Vitiligo is a rare disease

White spot disease

White spot disease (Vitiligo): Formation of white pigment-free spots on the skin (possibly also on the mucous membrane), usually beginning between the ages of 10 and 30. The cause is the destruction of pigment cells (melanocytes), probably caused by autoimmune reactions. The benign but incurable skin disease occurs in families.

Leading complaints

  • Initially sharply defined, lenticular to coin-sized, white patches of skin that enlarge and grow together over time. This creates irregular, larger, white areas of skin ("piebald appearance")
  • Possibly also discoloration of the hair growing on the discolored areas of the skin.

When to the doctor

If the Cosmetically disturb skin changes.

The illness

In contrast to albinism, in which the pigment deficiency is already congenital, the white spot disease appears later. It is not uncommon for other autoimmune diseases to occur at the same time, e.g. B. circular hair loss, diabetes, underactive adrenal cortex or thyroid disease such as Hashimoto's thyroiditis.

Due to the lack of pigment protection, the discolored areas of the skin are very sensitive to light and at risk of sunburn. The risk of skin cancer is also increased. Depending on the extent, the white spot disease can be cosmetically very disturbing and cause a high level of suffering in the person affected.

Vitiligo can occur anywhere on the body. The hands, feet and groin area as well as parts of the body exposed to the sun such as the face or neck are particularly often affected. If there is hair on the affected part of the body, this also usually turns white.

White spot disease in close-up (top left), on the face of a 26-year-old man (right) and on the hand of a 55-year-old woman (bottom left).
Georg Thieme Verlag, Stuttgart

In the common, generalized form (90%), large spots appear on both sides of the body. The spots get bigger and bigger. After all, up to 80% of the body surface can be depigmented. In the rare, local form of Vitiligo (10%), there are only isolated white spots, which usually do not spread any further.

That's what the doctor does

The dermatologist makes the diagnosis based on the discolored patches of skin. To be on the safe side, he can test the blood for autoantibodies and possibly take a skin sample. The white spot disease cannot be cured and the success of the treatment is unfortunately often unsatisfactory.

Irradiation with UVB light, UVA light (Puva therapy) or UVB laser often leads to a local improvement in skin pigmentation. They are supposed to stimulate the formation of melanin. Laser treatments are only suitable for localized vitiligo. In the case of extensive depigmentation, irradiation with a wavelength of 311 nanometers is particularly effective. This wavelength does not cause sunburn, but it does inhibit certain immune cells that may be overactive in Vitiligo. Radiation is usually carried out twice a week for a period of 10-12 weeks.

Ointments with the immunosuppressive active ingredients tacrolimus in Protopic® or pimecrolimusin Elidel® are also showing good results. They are increasingly replacing the previously common cortisone ointments, which usually lead to considerable skin damage with the required treatment duration of 6 to 8 months. Radiation and ointments are also used in combination, as studies suggest that the ointments improve the results of radiation. Vitix® gel helps in problem areas such as the corners of the mouth or eyelids. It contains antioxidant enzymes from melon fruit extract. They should improve the effect of light therapy and stimulate the body's own melanin production.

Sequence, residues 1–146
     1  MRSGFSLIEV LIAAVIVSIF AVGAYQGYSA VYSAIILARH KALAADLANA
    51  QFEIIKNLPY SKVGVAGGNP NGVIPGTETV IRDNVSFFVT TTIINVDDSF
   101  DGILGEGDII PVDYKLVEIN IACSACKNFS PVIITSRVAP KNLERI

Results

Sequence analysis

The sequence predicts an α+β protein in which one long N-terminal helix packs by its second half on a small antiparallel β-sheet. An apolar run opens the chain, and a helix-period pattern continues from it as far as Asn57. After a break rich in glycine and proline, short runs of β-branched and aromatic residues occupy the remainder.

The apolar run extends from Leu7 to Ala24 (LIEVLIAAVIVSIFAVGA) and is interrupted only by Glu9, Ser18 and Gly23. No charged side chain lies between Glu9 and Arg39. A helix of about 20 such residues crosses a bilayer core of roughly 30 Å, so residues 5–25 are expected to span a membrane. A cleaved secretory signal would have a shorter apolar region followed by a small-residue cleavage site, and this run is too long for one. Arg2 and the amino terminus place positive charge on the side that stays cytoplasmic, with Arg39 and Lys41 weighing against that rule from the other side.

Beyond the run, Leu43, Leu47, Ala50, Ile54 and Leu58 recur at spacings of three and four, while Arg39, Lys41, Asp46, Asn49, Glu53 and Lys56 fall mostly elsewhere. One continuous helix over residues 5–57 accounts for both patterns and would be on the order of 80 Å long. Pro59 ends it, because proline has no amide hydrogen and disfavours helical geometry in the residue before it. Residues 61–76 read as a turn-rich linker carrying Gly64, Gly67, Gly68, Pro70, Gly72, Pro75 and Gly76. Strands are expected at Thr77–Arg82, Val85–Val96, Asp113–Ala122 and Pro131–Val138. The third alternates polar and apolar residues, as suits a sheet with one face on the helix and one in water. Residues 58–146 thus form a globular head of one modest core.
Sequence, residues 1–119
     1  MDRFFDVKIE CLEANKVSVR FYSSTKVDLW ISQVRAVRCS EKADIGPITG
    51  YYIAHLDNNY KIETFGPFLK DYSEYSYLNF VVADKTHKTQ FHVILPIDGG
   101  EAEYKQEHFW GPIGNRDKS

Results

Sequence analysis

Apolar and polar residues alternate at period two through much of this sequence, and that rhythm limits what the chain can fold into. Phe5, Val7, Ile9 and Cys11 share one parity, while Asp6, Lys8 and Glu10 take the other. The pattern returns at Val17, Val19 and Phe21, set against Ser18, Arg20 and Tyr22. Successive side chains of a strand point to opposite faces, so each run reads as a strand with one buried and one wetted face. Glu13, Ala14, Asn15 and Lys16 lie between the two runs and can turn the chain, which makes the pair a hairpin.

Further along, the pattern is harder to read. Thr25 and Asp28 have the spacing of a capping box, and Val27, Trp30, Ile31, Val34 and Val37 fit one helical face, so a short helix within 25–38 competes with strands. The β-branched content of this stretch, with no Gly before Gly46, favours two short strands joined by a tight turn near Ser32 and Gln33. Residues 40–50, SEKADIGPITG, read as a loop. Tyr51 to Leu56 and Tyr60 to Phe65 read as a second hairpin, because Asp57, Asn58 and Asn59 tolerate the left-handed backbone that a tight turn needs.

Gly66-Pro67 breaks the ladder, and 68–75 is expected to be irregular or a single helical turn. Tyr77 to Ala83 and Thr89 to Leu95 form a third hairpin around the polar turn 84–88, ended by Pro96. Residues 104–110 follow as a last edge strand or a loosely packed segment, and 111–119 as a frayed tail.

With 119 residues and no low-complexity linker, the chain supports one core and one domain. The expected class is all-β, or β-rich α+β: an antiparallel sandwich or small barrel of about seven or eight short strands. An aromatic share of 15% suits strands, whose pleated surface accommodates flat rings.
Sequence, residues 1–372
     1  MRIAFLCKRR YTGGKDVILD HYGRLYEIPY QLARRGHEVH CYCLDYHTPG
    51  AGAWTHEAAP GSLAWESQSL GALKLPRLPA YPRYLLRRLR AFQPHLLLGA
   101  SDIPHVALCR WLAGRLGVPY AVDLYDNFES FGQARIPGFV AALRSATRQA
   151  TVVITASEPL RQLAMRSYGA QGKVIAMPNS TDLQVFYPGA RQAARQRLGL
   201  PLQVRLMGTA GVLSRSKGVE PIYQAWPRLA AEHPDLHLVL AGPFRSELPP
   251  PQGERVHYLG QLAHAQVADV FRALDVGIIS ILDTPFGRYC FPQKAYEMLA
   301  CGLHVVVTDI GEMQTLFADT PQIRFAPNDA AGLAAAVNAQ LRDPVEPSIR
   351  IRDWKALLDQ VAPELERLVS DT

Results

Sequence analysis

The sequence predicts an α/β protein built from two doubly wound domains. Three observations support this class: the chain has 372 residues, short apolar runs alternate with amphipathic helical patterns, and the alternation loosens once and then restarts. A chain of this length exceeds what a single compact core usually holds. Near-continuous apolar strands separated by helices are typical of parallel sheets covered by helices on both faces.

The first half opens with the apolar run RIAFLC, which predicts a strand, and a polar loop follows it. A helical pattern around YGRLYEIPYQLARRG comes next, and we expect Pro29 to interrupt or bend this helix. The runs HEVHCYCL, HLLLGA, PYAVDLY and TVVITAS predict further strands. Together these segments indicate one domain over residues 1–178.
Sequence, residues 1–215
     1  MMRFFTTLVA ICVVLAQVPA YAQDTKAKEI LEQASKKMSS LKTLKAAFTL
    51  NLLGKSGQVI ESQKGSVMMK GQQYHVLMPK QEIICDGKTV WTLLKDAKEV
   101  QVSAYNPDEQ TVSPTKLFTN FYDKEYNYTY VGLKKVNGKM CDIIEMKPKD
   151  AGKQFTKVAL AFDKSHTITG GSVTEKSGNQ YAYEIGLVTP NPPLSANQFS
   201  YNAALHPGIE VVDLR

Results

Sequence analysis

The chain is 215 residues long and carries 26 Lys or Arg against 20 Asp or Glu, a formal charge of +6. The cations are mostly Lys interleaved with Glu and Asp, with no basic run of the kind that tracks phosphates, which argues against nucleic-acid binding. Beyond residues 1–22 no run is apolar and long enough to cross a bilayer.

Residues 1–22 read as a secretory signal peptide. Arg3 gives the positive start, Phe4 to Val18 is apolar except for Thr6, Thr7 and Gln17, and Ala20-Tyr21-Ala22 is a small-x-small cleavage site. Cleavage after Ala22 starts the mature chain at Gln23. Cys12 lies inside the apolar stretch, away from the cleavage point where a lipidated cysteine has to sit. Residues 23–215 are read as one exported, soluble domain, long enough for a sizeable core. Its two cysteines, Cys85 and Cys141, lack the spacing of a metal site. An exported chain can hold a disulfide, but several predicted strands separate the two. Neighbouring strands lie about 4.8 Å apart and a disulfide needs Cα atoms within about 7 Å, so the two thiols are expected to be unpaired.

An effective but complex treatment method is the transplantation of the body's own skin tissue or pigment cells, which are multiplied in the laboratory after removal from healthy skin areas and then applied to the diseased skin areas (previously treated with laser) using an adhesive ointment. The method is only suitable for smaller areas. If more than 60% of the skin area is affected by Vitiligo, the last option is to permanently discolor the remaining skin areas by bleaching. Cryotherapy (cold therapy), a chemical peeling or a chemical bleaching agent are available as bleaching methods. The general disadvantage of bleaching is that even more of the body's own pigment protection is lost.

Your pharmacy recommends

With self-tanning agents, commercially available or medical make-up (camouflage), the white skin spots can be matched to the natural skin color. You should initially have a beautician show you how to use it. Medical camouflage make-up also protects against UB radiation.

A somewhat more even skin tone can also be achieved by taking capsules with beta-carotene (e.g. in Carotaben® capsules), as the yellowish-brownish substance is deposited in the horny layer of the skin. However, both self-tanners and beta-carotene do not protect against UV radiation. You should always pay attention to good sun protection (SPF 50+), as the discolored areas of the skin have an increased tendency to sunburn and the risk of skin cancer and extreme sunlight can worsen the course of the disease. So that the contrast between the white spots and the rest of the skin does not become even stronger, the pigmented areas of the skin should also be covered with a strong sunscreen.

Authors

Dr. med. Arne Schäffler, Dr. Berthold Gehrke, Dr. Ute Koch in: Health Today, edited by Dr. med. Arne Schäffler. Trias, Stuttgart, 3rd edition (2014). Revision and update: Dr. med. Sonja Kempinski | last changed on at 16:43


Important note: This article has been written according to scientific standards and has been checked by medical professionals. The information communicated in this article can in no way replace professional advice in your pharmacy. The content cannot and must not be used to make independent diagnoses or to start therapy.